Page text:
Sir Napier Shaw (March 4, 1854 - March 23, 1945), Britishmeteorologist. He introduced the air pressure unit millibar, as well as the tephigram, a diagram of temperature changes. March 4 is the 63rd day of the year in the Gregorian Calendar (64th in leap years). ... 1854 (MDCCCLIV) was a common year starting on Sunday (see link for calendar). ... March 23 is the 82nd day of the year in the Gregorian Calendar (83rd in Leap years). ... 1945 (MCMVL) was a common year starting on Monday (the link is to a full 1945 calendar). ... Meteorology is the scientific study of the atmosphere that focuses on weather processes and forecasting. ... The use of water pressure - the Captain Cook Memorial Jet in Lake Burley Griffin, Canberra. ... A millibar (mbar, also mb) is 1/1000th of a bar, a unit for measurement of pressure. ... A tephigram is one of four thermodynamic diagrams commonly used in weather analysis and forecasting. ... Fig. ...
Shaw was born in Birmingham. He studied at the University of Cambridge, where he later, between 1877 and 1906, taught physics. In 1891, he became a member of the Royal Society. The city from above Centenary Square. ... The University of Cambridge, located in Cambridge, England, is the second-oldest university in the English-speaking world. ... The premises of the Royal Society in London (first four properties only). ...
In 1909, he introduced the millibar unit, which was internationally adopted in 1929. In 1915, he developed the tephigram. Shaw also studied air pollution, publishing his book The Smoke Problem of Great Cities in 1925. A tephigram is one of four thermodynamic diagrams commonly used in weather analysis and forecasting. ... Before flue gas desulfurization was installed, the emissions from this power plant in New Mexico contained excessive amounts of sulfur dioxide. ...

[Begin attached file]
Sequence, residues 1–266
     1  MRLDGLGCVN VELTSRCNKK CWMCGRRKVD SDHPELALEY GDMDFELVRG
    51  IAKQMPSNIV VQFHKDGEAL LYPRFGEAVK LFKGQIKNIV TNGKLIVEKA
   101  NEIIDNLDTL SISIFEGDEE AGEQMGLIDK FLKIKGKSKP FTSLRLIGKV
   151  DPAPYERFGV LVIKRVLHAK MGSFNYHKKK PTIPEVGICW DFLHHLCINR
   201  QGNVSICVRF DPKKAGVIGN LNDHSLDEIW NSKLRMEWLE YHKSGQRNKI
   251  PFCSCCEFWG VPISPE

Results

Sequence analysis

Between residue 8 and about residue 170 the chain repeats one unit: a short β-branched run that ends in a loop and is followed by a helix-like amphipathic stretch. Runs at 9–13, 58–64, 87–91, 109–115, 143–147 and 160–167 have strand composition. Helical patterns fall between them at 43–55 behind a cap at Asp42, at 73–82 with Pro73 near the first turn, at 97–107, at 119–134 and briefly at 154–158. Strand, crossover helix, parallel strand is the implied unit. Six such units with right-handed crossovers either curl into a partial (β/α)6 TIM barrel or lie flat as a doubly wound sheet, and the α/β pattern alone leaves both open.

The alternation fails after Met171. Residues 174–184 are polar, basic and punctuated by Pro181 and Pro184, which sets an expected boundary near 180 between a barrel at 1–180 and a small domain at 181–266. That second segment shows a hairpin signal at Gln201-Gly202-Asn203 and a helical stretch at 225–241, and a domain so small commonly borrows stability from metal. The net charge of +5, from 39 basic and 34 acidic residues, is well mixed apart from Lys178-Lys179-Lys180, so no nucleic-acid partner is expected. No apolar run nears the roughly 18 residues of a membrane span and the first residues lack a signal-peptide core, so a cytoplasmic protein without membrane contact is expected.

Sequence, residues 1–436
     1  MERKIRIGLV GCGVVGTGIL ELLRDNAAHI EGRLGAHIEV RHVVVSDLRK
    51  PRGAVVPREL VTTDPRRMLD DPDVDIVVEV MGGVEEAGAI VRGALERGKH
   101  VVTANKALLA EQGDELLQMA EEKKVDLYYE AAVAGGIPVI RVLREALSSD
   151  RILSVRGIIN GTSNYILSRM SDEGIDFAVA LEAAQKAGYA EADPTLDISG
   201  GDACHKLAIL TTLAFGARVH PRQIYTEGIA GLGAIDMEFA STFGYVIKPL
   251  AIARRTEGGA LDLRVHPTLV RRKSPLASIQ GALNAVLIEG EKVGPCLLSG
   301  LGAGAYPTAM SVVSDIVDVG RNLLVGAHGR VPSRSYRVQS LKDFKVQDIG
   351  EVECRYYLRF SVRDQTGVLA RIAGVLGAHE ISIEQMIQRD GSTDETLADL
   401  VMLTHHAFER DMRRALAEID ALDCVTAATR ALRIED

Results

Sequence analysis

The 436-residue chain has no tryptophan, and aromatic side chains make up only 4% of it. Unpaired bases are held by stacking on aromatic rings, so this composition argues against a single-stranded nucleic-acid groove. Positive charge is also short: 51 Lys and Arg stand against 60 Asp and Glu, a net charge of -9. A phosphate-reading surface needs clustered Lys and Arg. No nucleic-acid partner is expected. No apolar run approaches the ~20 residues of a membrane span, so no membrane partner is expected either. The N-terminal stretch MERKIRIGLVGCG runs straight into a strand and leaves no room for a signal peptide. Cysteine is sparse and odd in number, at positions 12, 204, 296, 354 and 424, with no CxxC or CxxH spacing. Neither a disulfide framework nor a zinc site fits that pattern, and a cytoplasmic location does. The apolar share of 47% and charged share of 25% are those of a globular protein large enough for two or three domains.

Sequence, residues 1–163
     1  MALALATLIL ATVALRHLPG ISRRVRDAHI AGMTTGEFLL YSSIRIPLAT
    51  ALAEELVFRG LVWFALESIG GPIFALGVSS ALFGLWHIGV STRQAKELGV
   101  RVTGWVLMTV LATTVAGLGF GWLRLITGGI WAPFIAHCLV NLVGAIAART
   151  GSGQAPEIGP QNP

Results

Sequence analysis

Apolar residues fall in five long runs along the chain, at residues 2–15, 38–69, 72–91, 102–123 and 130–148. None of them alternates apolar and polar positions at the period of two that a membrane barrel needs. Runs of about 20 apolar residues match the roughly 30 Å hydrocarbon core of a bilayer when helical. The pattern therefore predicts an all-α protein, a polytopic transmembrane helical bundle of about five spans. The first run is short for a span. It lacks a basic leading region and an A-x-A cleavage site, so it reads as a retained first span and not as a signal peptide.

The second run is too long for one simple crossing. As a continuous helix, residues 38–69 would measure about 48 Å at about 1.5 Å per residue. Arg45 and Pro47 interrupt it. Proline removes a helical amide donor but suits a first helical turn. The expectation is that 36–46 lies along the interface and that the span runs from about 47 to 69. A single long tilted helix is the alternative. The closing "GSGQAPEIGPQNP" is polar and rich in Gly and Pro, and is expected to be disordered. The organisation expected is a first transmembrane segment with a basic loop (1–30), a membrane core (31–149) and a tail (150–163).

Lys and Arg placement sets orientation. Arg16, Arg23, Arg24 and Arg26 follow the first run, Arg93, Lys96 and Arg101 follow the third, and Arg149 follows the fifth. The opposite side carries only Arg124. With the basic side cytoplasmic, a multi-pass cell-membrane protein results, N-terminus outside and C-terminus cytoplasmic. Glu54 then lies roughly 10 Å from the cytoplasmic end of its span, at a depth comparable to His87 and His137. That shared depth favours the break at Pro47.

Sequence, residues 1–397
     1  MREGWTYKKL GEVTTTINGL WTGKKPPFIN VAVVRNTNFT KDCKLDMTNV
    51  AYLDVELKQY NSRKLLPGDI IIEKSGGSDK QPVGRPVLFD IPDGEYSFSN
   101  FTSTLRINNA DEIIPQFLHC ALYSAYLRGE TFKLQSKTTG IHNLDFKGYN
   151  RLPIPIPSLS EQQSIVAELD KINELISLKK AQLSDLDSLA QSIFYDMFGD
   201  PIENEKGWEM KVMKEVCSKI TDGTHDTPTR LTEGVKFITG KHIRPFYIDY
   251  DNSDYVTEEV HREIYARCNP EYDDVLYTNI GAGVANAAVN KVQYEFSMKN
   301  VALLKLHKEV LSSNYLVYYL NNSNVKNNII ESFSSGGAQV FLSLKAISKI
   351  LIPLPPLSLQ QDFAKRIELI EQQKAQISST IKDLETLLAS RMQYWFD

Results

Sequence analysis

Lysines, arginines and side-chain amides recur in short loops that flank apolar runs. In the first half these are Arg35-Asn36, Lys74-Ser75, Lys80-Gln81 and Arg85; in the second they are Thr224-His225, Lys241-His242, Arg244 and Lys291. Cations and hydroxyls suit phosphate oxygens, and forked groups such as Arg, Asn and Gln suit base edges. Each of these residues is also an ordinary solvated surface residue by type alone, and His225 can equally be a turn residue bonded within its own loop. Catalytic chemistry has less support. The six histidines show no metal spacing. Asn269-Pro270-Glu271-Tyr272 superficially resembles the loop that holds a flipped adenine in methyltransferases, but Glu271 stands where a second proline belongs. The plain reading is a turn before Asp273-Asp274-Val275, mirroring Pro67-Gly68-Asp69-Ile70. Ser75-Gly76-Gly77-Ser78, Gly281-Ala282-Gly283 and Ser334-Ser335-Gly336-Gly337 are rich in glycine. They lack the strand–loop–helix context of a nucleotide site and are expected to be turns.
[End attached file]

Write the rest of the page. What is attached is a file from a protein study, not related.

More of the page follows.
Shaw died in London. London (pronounced ) is the capital city of England and the United Kingdom. ...
Categories: 1854 births | 1945 deaths | People from Birmingham, England | Meteorologists | British meteorologists
At the great assault of January 19th Shaw carried his general, mortally wounded, from the glacis, and at Badajoz, now once more with the 43rd, he displayed, at the lesser breach, a gallantry which furnished his brother officer William Napier with the theme of one of his most glorious descriptive passages (Peninsular War, bk.
At the siege and the battle of Salamanca, in the retreat from Burgos, Shaw, still a subaltern, distinguished himself again and again, but he had to return to England at the end of the year, broken in health.
During the occupation of France by the allied army Shaw was commandant of Calais, and on his return to England was employed as a staff officer in the North.
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